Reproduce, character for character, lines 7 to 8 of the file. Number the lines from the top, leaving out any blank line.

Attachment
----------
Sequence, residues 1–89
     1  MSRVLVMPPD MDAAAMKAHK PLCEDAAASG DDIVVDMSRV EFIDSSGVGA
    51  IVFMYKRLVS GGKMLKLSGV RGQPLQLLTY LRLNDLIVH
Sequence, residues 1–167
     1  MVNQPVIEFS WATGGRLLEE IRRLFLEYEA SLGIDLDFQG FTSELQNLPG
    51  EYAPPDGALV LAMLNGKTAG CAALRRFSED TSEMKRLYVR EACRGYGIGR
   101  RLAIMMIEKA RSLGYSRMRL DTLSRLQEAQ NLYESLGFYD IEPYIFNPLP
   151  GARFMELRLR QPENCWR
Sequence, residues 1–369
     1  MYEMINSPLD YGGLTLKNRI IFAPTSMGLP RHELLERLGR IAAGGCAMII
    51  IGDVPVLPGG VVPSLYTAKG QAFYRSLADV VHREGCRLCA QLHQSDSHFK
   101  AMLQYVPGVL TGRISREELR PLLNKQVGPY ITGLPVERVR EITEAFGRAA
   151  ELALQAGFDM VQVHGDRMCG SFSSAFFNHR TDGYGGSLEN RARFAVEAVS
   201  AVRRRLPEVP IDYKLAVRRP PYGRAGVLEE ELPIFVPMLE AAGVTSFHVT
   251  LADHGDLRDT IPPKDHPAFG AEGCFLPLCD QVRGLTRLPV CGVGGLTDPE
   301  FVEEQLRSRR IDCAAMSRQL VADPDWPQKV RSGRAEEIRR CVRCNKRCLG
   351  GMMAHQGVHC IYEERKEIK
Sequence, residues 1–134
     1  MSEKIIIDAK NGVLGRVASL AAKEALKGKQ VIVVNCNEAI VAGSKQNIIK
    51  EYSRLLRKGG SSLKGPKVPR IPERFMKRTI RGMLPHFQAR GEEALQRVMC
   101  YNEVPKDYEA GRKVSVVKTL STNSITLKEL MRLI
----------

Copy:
   101  RLAIMMIEKA RSLGYSRMRL DTLSRLQEAQ NLYESLGFYD IEPYIFNPLP
   151  GARFMELRLR QPENCWR